The panelists and a section the participants at the at the colloquium
The panelists and a section the participants at the at the colloquium
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After eight years of its passage, a national Colloquium on Arbitration in Ghana has called for an urgent review of the Alternative Dispute Resolution (ADR) Act 2010, Act 798 to ensure its effectiveness implementation.

The colloquium of Judges, Lawyers and ADR practitioners, particularly called for a review of section one of the Act which they described as vague and inhibits the Act from achieving its full objectives in both arbitration and mediation.

Chaired by Justice Nene Amegatcher, a Supreme Court Judge, the colloquium, which assessed “the proper degree of court interventions in arbitral proceedings under the ADR Act,” suggested an amendment of section one, since its presence was causing harm.

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The colloquium, held at the GIMPA School of Law in Accra, was organized by the Ghana ADR Hub, a network of ADR practitioners, with the aim of helping to redefine the scope of arbitration in Ghana.

The  panelists, including Sir Justice Dennis Adjei, Justice of the Court of Appeal, Justice Mrs Justice Gertrude Torkornoo, Supervising Judge, Commercial Courts.

Prof Michael Aaron Oquaye, Speaker of Parliament

Ace Annan Ankomah, Kizito Beyuo, Michael Gyang Owusu, Ms Diana Asonaba Dapaah, Ace Ankomah and Emmanuel Amofa, all distinguished legal practitioners, were unanimous in recommending an amendment of a number of provisions in the Act, especially section one which deals with the Application of the Act.

Section 1 of the Act states that “This Act applies to matters other than those that relate to (a) the national or public interest; (b) the environment; (c) the enforcement and interpretation of the Constitution; or (d) any other matter that by law cannot be settled by an alternative dispute resolution method.”

According to the panelists, the lack of clarification on the scope of “national interest” and “public interest,” as well as matters relating to “the environment” makes it difficult to determine which matters qualified to be resolved through arbitration.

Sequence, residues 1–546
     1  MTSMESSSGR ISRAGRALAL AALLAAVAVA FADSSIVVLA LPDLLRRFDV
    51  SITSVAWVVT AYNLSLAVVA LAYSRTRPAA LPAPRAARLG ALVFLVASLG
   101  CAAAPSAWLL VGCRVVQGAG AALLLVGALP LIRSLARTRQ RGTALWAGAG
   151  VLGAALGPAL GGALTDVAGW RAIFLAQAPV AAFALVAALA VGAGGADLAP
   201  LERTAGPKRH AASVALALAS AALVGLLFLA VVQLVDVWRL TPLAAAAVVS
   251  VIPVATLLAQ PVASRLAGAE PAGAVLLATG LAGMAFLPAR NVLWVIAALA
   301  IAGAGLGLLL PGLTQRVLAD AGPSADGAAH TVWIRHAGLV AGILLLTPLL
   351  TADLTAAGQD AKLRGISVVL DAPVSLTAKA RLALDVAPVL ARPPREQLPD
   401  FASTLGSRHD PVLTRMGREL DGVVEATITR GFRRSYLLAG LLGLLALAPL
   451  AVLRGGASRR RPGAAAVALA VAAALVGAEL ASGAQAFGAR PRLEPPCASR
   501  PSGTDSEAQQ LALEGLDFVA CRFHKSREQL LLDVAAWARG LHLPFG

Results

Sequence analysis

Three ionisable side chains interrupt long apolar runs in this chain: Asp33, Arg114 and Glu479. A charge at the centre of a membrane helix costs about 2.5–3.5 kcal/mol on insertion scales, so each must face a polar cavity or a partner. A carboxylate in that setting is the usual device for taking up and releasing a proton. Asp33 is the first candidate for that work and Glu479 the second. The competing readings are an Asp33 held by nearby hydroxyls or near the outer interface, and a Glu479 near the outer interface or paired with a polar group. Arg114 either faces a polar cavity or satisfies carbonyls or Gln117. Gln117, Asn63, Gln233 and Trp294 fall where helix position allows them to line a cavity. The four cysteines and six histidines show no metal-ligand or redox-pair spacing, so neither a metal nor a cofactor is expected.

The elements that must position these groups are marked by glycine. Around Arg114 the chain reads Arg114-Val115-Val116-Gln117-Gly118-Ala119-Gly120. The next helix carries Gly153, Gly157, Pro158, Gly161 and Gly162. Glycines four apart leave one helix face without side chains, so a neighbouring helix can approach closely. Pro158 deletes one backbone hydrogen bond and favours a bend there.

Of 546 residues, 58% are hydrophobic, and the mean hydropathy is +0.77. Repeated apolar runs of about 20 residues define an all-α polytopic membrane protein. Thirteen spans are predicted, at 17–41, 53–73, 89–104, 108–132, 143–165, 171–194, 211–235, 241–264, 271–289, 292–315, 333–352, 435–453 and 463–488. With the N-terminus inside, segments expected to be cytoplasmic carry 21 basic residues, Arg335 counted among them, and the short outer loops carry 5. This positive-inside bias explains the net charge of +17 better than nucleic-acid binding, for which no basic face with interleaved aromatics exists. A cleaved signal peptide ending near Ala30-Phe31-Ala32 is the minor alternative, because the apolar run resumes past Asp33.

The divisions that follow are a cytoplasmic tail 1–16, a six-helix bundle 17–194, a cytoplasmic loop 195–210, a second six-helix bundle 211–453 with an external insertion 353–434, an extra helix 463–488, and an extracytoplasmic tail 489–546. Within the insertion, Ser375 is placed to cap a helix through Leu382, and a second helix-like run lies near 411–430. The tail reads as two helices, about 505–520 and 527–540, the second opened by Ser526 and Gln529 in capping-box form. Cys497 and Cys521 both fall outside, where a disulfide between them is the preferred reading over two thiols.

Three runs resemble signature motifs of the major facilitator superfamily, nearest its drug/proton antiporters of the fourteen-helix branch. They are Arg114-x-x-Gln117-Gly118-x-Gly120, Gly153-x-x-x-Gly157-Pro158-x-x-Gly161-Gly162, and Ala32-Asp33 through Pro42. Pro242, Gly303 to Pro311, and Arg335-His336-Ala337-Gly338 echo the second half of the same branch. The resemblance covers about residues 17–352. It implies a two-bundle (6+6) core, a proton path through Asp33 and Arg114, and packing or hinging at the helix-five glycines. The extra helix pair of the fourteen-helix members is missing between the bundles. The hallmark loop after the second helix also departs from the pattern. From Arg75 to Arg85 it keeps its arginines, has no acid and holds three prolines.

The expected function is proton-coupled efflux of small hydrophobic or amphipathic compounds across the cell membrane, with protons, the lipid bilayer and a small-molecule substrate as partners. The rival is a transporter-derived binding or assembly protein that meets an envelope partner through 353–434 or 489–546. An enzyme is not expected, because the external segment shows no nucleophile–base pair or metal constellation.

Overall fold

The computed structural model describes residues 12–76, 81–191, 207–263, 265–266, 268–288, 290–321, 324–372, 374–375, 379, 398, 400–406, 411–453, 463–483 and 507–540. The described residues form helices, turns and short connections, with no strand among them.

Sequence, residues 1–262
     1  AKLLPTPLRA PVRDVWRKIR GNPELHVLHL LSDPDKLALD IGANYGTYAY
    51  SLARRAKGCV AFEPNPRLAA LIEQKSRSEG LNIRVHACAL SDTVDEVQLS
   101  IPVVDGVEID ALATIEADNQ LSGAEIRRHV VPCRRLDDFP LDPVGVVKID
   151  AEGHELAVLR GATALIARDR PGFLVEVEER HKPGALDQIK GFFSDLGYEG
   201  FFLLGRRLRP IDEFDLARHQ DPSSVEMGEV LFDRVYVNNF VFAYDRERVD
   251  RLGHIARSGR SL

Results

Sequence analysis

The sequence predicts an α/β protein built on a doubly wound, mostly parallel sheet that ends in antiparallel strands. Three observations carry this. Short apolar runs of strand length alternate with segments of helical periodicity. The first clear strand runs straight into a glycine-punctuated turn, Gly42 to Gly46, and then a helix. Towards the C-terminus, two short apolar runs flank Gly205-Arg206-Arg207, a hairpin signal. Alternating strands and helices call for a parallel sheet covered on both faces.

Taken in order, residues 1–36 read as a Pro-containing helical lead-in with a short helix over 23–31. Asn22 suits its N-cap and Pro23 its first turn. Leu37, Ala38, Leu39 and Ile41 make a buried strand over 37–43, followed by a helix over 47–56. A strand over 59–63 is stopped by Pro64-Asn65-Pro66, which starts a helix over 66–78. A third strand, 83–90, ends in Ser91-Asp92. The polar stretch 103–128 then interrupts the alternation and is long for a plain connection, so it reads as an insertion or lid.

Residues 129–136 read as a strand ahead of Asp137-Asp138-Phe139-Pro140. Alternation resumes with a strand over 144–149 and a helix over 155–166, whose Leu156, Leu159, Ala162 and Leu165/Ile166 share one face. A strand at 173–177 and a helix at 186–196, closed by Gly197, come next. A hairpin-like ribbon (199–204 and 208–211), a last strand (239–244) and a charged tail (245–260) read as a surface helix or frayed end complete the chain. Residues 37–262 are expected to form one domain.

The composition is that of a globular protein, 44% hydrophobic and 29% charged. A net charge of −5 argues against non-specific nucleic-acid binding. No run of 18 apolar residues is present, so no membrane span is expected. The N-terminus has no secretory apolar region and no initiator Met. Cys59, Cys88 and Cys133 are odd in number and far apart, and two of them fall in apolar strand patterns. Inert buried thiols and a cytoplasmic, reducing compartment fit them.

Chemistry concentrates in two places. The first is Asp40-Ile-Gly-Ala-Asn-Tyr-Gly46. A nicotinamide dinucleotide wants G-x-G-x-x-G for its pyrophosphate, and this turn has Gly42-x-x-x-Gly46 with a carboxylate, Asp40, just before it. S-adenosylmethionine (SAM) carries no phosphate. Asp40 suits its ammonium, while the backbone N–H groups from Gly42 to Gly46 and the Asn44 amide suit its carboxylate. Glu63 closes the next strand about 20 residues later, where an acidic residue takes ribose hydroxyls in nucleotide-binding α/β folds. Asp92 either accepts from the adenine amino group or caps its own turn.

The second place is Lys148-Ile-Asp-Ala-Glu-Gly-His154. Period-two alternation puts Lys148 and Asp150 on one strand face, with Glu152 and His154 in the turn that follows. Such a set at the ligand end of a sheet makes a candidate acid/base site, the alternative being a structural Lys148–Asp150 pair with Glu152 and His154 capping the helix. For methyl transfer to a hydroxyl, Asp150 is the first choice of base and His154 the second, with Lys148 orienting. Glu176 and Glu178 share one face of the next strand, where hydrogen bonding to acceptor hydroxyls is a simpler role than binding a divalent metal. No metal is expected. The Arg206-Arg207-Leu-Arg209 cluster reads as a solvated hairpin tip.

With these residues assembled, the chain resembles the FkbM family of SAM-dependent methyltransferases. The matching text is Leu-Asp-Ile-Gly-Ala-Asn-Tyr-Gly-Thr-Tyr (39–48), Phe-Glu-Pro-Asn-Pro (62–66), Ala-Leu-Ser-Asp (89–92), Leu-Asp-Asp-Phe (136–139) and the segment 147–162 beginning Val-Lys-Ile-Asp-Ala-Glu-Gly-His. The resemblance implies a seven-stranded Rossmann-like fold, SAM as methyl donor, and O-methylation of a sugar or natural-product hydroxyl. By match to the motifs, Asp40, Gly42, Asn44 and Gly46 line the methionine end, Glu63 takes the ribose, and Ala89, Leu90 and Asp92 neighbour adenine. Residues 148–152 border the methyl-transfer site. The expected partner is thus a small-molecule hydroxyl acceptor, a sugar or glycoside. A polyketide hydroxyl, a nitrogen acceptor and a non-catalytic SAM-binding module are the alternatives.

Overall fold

Making his submission, Sir Justice Dennis Adjei, said the problem of Section one remains difficult to handle because the Memorandum on the Act by Parliament is also silent on the section.

“There is the need to have clear parameters. We need to have a whole relook at section one whether it is even necessary to be there,” he said.

The panelists were also of the view that the clause on the environment has to be clarified because forbidding the resolution of disputes relating to the environment through arbitration is highly retrogressive.

According to Justice Nene Amegatcher, Ghana seems to be the only country with such a provision barring arbitration from environmental matters, adding that most jurisdictions have adopted arbitration as an option in effectively dealing with environmental cases.

Regarding other provisions, the panelists faulted section 40, which deals with the “determination of preliminary point of law,” and called for it to be scrapped.

They indicated that giving the High Court the sole mandate to determine any question of law in arbitral proceedings was not in line with best practice.

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“Section 40 must also go,” said Emmanuel Amofa, Administrator of the Ghana Arbitration Centre.

According to him, arbitrators should have the right to determine points of law in cases they handle, adding that most arbitrators are retired Judges and senior lawyers who have enough experience to determine questions of law in arbitral proceedings.

Ms Diana Dapaah, Law Lecturer at GIMPA and Vice President of Ghana ADR Hub, for her part, described Section 40 as “copy and paste” from Section 45 of the English Arbitration  Act 1996, adding that in trying it simplify it while copying, “we omitted vital subsections that define that section.”

She also criticised Section 58 of the ADR Act which provides the grounds for the setting aside of an arbitral award by the High Court, indicating that the issues of conflict of interest, disclosure and procedural impropriety have to be clearly defined.

Other provisions that were discussed at the colloquium, which was moderated by Michael Gyang Owusu, President of the Ghana ADR hub, included sections 16 (3b), 18(1),19(2), 22(1), 26(1),28(1), 39, 57, 58 and 59, with the panelists suggesting amendment to the various provisions to enhance the integrity of the ADR Act.

By Edmund Mingle/